Elka Suspension's Stage 5 may not be the first name that springs to mind when you’re considering upgrading your rear shock, but maybe it should be?
The shock is available in a variety of six compression valve assemblies and four rebound valve assemblies to suit a variety of different bike designs, meaning it’s essential to know the exact production year of your bike before you buy one, to make sure you get the tune just right.
Along with the custom valving, the Stage 5 stands out thanks to its simplicity and easy-to-understand setup instructions. Adjustments on offer include spring preload and rebound, plus fully independent low-speed and high-speed compression, via some nicely machined and indexed dials. The high-volume reservoir and 14mm damper shaft accommodate massive oil flow for consistent and responsive damping.
We had our shock valved to suit our Rocky Mountain Flatline Pro test bike by the guys at Silverfish, who distribute Elka in the UK, using one of the high-tensile steel Elka springs, which is a claimed 10 to 15 percent lighter than other steel springs out there.
As soon as the wheels were rolling, it was clear that things had changed for the better. After the initial bedding-in period, we found we only needed to stray from the base settings slightly to achieve the feel we were after and, thanks to the wide range of effective adjustment, this was easy to do.
Once we were happy with the setup and our speed was picking up, the first thing that was really noticeable was the control it delivers. It’ll keep the rear wheel tightly hugging the contours of the trail, spewing out grip as you carve through turns.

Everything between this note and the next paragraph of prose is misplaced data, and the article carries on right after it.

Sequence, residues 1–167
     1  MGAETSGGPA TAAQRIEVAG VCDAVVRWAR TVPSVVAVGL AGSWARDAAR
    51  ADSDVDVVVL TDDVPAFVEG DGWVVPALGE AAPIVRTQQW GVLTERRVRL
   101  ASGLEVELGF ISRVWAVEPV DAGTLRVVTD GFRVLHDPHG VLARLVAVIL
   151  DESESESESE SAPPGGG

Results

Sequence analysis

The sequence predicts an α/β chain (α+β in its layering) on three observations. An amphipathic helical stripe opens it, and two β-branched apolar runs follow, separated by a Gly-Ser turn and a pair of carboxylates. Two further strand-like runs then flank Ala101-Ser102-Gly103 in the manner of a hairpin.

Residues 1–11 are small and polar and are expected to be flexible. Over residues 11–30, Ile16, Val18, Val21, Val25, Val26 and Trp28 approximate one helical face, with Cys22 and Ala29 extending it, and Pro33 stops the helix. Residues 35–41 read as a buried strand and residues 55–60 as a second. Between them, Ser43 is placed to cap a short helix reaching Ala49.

At lower speeds, on more technical terrain, the supple beginning stroke picks off the smaller bumps with ease, leaving the rider to concentrate on the task at hand and hammer any line with confidence. On choppier terrain, the Elka deals with the bumps in a composed fashion, without spitting feet off pedals.
There’s no blowing through the travel when it takes a big hit, just a reassuringly smooth, controlled compression. Landings and harsh compressions aren’t unpleasant either and are all handled comfortably. The only thing that you’ll notice is the whistle on the rebound stroke that may take you by surprise at first.
Some may quibble that it doesn’t have the masses of adjustment that the Cane Creek Double Barrel shock has, but it’s this simplicity and the more affordable pricetag that means this shock deserves to be right up there with the very best of them.